I always want to ensure I am putting my four decades of experience to good use by helping others grow—and helping them avoid some of the (many) mistakes I made as a project manager, leader and human being.
In thinking through my responsibility as a steward, it occurred to me that being effective as a project manager is much more than honing skills—it’s about guiding project managers in not only work skills, but also life experiences. It’s about positioning project managers for long-term success. It’s about helping PMs bounce back from failure, learn from it, and then help others avoid the same failure. It’s about what I call building sustainability, which will be the underlying theme of my content: the Sustainable PM.
Read more on my column at ProjectManagement.com.
Annual Goal Setting Using the Nine Crucial Elements to Achieve Good-Enough Contentment
Practical Pillars of Success
Secrets of success? Oh puh-leeze. There aren't any secrets of success in my opinion. Success is achieved through things that we've been taught to do for years and years. Good old-fashioned hard work is one of your strongest foundations to ensure meeting your life goals. In addition, building the following pillars on the foundation of hard work will increase the likelihood that you can meet those goals and achieve your dreams. Check out these four pillars and see if any resonate with you:
Friday looked to be like any other day.
I got up, had breakfast, and left the house around 8:30 for a day of meetings. We had planned on having another couple over for dinner that night and a day trip with our son on Saturday. About noon, Patty called me saying she had a pain in her abdomen since getting up and it was getting worse. I asked her if she wanted me to come home. She told me she didn’t need me home, but that we should probably cancel dinner in the event she had something contagious. I was out for a few more hours and came home to her sitting on the couch, saying the pain wasn’t going away. Her temperature was 101. We talked to a tele nurse who suggested it might be an infection and that we should go to urgent care. After a short wait we got checked in. The pain continued on, now accompanied by nausea. They ran blood tests then, after seeing the results, decided to do a computed tomography (CT) scan of her abdomen. What did the blood tests reveal? Why the CT scan? What were they looking for? What’s going on? These questions raced through my mind as they took Patty away for the scan. About ten minutes later she came back, where we sat and waited for about two hours; Patty’s pain stubbornly persistent along with the nausea. Then the doctor came in.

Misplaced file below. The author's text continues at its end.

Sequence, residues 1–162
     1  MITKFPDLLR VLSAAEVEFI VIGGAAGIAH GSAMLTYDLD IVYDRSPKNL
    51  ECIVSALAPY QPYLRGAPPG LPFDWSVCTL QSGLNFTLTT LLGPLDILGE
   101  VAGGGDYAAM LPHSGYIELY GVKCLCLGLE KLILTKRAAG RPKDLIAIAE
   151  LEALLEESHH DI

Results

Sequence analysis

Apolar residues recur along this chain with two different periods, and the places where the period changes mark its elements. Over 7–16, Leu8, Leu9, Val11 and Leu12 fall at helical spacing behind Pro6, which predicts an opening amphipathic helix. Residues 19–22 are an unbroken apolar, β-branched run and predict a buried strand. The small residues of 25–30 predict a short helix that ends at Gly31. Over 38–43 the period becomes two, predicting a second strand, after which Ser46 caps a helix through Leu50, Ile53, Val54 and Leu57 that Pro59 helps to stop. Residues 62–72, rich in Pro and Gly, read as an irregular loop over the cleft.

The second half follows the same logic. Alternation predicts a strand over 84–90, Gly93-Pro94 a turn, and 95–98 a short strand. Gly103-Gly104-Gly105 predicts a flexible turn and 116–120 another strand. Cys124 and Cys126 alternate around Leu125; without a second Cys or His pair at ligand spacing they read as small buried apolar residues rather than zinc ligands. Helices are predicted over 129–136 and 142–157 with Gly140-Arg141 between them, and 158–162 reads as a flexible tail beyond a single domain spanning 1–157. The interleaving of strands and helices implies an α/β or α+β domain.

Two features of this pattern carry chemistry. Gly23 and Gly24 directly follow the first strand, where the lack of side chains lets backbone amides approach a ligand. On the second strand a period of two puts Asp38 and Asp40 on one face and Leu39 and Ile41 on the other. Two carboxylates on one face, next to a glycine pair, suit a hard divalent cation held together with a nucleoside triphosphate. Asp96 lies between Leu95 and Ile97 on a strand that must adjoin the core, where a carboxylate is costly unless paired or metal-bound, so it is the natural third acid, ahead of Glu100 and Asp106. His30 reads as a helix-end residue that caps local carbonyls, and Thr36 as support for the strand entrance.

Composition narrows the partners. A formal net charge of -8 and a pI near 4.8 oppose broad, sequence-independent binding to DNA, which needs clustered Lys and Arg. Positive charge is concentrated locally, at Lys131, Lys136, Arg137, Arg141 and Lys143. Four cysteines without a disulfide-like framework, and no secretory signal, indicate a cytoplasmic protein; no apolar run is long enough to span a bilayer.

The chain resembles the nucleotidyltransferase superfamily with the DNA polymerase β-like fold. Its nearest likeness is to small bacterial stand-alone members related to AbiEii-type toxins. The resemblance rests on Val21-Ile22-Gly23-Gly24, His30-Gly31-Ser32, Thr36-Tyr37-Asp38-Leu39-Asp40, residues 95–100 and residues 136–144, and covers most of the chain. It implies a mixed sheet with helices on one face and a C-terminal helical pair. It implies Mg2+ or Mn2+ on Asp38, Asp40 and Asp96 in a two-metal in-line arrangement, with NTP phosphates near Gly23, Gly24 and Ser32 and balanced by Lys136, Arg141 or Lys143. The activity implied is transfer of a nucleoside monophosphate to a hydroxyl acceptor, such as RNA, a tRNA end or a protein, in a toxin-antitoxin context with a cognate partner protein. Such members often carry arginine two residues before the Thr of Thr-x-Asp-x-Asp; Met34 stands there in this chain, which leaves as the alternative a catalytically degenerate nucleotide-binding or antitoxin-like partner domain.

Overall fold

Achievement - Stress = Contentment
Recently I wrote an article about creating a sustained lifestyle. In the article I introduced a concept which contrasts achievement (doing something meaningful that accomplishes a desired result which gives you joy) and stress (the degree of mental, physical, or emotional strain undertaken to achieve a desired result). In the model I define four different lifestyles driven by achievements and stress, as follows:
In 2004, I left Microsoft so Patty and I could homeschool our son Trevor. He was diagnosed with Autism Spectrum Disorder at age five, and we decided as he was entering seventh grade that he would need more help than what his public school could offer. I was his math and science teacher for two years until he re-entered public school in ninth grade. After my homeschooling stint, I decided to focus on writing and consulting, and later Patty and I starting a publishing business. From that point until now, I have regularly been asked if I’m “retired.” At first, I would respond with a strong “no” due to my opinion that retirees spend their days on the golf course or playing bridge. Over time, though, I recognized I had to come up with a better description of what I do as a profession. It’s not a choice of either the golf course or the 8-to-5 grind. For me, it’s something I call sustained lifestyle.
So, what’s sustained lifestyle? Here’s the definition, then we’ll unpack it:
My Nine Life Lessons
This one is a bit of a departure from my typical article topics.
Recently I wrote a book about what I call “good-enough contentment.” It’s an allegory about a forty-something man who is unhappy with his life. After a magical train ride, he learns to define what contentment means in nine areas of his life: career, family, health, friendships, finances, leisure, spirituality, giving, and legacy. Writing the story caused me to look back at my own life--the things I did well and the many mistakes I made. It inspired me to write about nine nuggets that I wish I could go back in time to tell my younger self. Some I would have done the same all over again, others radically different. All, however, are worth putting down in writing to spur your thinking about things you need to start, stop, or continue.
Here they are:
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